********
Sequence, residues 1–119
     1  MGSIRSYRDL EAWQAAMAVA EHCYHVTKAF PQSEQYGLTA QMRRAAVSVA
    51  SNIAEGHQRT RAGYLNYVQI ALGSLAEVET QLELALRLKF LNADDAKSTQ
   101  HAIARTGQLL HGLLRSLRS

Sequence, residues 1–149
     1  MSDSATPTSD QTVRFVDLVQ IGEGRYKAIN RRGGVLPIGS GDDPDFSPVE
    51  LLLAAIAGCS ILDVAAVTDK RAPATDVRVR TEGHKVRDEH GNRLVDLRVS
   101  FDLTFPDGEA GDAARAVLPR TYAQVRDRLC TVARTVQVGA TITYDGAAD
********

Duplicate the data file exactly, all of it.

Sequence, residues 1–119
     1  MGSIRSYRDL EAWQAAMAVA EHCYHVTKAF PQSEQYGLTA QMRRAAVSVA
    51  SNIAEGHQRT RAGYLNYVQI ALGSLAEVET QLELALRLKF LNADDAKSTQ
   101  HAIARTGQLL HGLLRSLRS

Sequence, residues 1–149
     1  MSDSATPTSD QTVRFVDLVQ IGEGRYKAIN RRGGVLPIGS GDDPDFSPVE
    51  LLLAAIAGCS ILDVAAVTDK RAPATDVRVR TEGHKVRDEH GNRLVDLRVS
   101  FDLTFPDGEA GDAARAVLPR TYAQVRDRLC TVARTVQVGA TITYDGAAD